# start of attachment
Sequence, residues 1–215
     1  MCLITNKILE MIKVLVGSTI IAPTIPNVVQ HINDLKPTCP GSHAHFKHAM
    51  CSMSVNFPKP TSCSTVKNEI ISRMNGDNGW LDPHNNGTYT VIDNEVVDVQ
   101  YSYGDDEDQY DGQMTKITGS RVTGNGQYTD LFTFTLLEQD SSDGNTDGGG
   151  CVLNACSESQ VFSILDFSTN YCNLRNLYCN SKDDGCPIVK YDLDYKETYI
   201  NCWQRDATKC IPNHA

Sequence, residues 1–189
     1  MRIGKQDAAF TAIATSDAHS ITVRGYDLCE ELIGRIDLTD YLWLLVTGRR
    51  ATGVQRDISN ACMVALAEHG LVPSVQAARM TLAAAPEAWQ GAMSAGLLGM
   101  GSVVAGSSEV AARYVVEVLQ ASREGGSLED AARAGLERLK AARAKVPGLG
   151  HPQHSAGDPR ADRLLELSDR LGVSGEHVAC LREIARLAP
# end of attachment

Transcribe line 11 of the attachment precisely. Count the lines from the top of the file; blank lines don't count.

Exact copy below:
   151  HPQHSAGDPR ADRLLELSDR LGVSGEHVAC LREIARLAP